It is a little known fact that the battle of Hastings of 1066 should never have taken place. In fact, the incident happened purely because of the language barrier between the English and the French. Here, published for the first time anywhere in the world, is the real story behind the battle of Hastings and the death of the English King Harold...
In France during the eleventh century one of the national sporting pastimes was a game called “Le Battalle De Conkeur” (“Battling Conkers” in English).
Even though the game was essentially only the same as that played centuries later here by schoolchildren, in France during the eleventh century such was the popularity of the game one’s social standing depended very much on one’s prowess at playing Le Battalle De Conkeur.
In the rules of the game players were allowed to do anything that they could to improve the strength of their conker. Common ways of doing this included the baking of Conkers, the varnishing of the outer skin and the soaking of conkers in some kind of fluid. Incredibly, it was also believed that should a Frenchman’s conkers be soaked in the urine of his mother in law this “souring of his spirit” could somehow weaken the resolve of an opponents conker in battle.
French courts had the power to decree that minor disputes be decided by the outcome of a game of Le Battalle De Conkeur and it was commonly recognised in France that a man with hard conkers would be assured of attracting the attention of young and beautiful Mademoiselles.
For this reason many of the French gentry would wear victorious conkers hanging from their belts akin to a Scotsman’s sporran and the game was treated as a very serious pastime in fact.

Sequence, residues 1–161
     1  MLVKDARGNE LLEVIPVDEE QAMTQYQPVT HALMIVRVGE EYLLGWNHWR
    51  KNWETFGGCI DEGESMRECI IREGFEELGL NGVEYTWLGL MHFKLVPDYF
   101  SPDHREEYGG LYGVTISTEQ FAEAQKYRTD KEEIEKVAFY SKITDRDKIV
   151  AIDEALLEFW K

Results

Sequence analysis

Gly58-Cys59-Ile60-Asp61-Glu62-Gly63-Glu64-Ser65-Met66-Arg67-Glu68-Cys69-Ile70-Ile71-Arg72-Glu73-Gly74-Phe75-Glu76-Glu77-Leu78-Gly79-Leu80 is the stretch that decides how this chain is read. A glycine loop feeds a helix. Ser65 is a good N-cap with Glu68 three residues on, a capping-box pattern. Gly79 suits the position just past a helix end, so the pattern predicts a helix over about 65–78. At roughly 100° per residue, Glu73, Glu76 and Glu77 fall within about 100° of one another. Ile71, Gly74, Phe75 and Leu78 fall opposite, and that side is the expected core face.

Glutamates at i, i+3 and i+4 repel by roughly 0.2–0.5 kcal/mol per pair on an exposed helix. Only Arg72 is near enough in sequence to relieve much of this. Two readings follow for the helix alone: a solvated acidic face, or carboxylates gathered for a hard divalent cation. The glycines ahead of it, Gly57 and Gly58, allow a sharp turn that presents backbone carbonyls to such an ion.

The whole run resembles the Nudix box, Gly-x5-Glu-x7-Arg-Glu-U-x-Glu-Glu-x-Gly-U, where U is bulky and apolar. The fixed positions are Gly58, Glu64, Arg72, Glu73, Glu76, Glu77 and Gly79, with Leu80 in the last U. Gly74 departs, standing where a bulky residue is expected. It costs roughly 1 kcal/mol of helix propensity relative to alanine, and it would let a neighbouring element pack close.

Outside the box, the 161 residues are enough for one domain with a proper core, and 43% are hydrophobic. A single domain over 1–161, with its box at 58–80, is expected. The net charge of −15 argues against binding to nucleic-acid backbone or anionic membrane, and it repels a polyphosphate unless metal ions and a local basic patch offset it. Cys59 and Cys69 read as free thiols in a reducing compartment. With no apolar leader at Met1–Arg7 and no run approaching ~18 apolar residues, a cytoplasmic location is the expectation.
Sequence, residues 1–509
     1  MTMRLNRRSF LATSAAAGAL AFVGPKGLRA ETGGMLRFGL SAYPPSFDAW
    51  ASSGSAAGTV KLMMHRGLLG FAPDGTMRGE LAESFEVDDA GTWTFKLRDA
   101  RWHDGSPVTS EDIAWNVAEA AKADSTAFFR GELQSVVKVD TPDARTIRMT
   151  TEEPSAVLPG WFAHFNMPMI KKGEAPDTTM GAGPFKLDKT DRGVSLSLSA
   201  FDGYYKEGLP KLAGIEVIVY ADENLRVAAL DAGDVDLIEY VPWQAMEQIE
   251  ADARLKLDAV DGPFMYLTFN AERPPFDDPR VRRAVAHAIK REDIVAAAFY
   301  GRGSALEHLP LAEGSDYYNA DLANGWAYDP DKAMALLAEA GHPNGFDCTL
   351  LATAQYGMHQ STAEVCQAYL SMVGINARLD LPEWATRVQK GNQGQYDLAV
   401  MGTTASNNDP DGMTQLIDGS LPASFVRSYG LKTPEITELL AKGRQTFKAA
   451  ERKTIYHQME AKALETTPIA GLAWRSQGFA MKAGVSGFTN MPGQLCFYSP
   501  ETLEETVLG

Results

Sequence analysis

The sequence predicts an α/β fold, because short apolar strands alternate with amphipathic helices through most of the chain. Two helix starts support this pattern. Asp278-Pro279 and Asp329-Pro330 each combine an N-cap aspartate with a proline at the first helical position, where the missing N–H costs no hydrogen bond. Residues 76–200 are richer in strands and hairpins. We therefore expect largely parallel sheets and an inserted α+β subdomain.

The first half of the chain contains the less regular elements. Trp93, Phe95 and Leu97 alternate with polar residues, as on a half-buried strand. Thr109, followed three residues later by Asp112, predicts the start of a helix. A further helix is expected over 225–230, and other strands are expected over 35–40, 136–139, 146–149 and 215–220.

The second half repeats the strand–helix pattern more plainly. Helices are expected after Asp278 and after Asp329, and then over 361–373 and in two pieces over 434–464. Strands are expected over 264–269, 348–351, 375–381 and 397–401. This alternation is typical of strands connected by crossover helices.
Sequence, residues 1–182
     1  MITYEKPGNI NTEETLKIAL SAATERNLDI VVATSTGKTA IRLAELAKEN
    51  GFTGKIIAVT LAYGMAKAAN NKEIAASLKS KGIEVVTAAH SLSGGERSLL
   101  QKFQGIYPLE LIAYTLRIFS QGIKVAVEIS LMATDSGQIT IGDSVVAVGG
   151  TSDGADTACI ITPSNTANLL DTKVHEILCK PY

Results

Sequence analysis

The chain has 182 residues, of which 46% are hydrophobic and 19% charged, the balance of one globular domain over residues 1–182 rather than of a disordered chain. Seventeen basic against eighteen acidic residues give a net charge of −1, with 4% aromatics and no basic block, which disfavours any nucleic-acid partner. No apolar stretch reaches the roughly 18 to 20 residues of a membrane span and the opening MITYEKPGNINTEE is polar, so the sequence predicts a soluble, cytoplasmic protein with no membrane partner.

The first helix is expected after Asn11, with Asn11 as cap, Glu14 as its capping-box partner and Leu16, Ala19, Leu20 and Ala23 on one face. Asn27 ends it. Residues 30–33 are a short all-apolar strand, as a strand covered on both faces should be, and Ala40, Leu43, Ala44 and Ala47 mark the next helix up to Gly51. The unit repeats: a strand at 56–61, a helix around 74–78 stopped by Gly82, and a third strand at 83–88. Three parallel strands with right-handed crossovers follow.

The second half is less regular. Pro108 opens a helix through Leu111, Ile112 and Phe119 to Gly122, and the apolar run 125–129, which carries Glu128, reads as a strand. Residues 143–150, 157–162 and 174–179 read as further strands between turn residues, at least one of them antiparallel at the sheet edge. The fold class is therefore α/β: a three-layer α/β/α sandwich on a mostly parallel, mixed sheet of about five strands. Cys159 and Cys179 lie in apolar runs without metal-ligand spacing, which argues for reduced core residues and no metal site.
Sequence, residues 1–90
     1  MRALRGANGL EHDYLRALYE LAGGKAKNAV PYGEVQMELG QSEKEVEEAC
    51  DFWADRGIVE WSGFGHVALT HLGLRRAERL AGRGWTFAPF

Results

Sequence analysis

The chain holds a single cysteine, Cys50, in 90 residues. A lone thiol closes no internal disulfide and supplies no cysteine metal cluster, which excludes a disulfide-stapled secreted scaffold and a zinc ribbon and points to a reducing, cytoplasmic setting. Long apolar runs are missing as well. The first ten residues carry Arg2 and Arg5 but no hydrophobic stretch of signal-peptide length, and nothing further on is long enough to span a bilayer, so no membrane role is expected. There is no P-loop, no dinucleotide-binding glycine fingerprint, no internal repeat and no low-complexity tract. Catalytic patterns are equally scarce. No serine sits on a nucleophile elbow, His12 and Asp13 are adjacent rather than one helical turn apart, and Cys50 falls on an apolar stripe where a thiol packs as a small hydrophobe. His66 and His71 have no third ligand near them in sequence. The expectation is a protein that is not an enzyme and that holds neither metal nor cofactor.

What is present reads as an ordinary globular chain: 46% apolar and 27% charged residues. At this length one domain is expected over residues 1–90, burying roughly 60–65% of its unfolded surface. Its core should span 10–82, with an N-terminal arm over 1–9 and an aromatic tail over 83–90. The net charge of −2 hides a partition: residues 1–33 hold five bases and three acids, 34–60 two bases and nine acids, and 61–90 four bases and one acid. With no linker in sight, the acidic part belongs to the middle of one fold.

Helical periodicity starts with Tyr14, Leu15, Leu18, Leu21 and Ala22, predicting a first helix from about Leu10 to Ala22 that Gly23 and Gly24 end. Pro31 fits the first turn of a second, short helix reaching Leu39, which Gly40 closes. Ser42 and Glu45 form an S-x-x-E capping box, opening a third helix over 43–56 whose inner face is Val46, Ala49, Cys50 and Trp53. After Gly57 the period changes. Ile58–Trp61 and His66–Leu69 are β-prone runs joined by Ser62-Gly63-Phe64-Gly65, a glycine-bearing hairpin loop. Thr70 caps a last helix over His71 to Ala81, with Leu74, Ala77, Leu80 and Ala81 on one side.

France was undoubtedly the best nation at the game in the world during this period but,
as the game was virtually unheard of outside of France, the poor French were unable to delight in their undoubted skill in playing the game.
It was therefore with the idea of widening the appeal of the game, that in 1065 the French national champion, William Leking, decided to write to King Harold the English King in the hope of being invited to demonstrate the game to the English people.
The problem with this plan was that Leking’s mastery of the English language was not at all good and so when in Nov 1065 he wrote to King Harold what he actually said was not in any way what he actually meant.
King Harold of England
I am Leking of Normandy
I am conqueror of France
I will come and teach you a lesson
When I arrive in Battle - Non?
Please respondez vous a. s. a. p.
Well, of course as soon as King Harold saw Leking’s letter he wrote back rather sarcastically...
Dear Leking of France
Bring many men
Then we will see who conquers whom!
Misunderstanding the tone of King Harold’s reply, on receiving this response Leking was delighted and took it to be an invitation to bring as many Le Battalle De Conkeur players with him as he liked when he visited England.
So it was, a year later in 1066, that Leking landed in England. After marching slowly from Pevensey, Leking suddenly caught sight of the massed English forces up on a hill in the distance. King Harold had obviously aligned his men in such a way as to put on a dazzling display of colour and pageantry to welcome him he thought. The men at the front had aligned a beautiful and unbroken line of gleaming shields while those behind were shouting and waving their spears and swords in the air.
Leking couldn’t make out what they were saying, but he assumed it was along the lines of ‘Coooeeeee over here’.
In order to let his new English friends know that he’d seen them, Leking ordered his many mounted men to quicken their horses pace as not to keep King Harold and those keen to learn France’s national sport waiting.
This train of thought foremost in his mind, Leking instructing his best archer to fire an arrow, to which he had attached a copy of the rules of ‘Le Battalle De Conquer’, to near where King Harold appeared to be waiting patiently for him. As fate would have it however as the normally reliable shot drew back his bow, so his horse (frightened by all the noise) shied and the arrow therefore flew much, much higher and further than he had expected it to.
The rest as they say is history...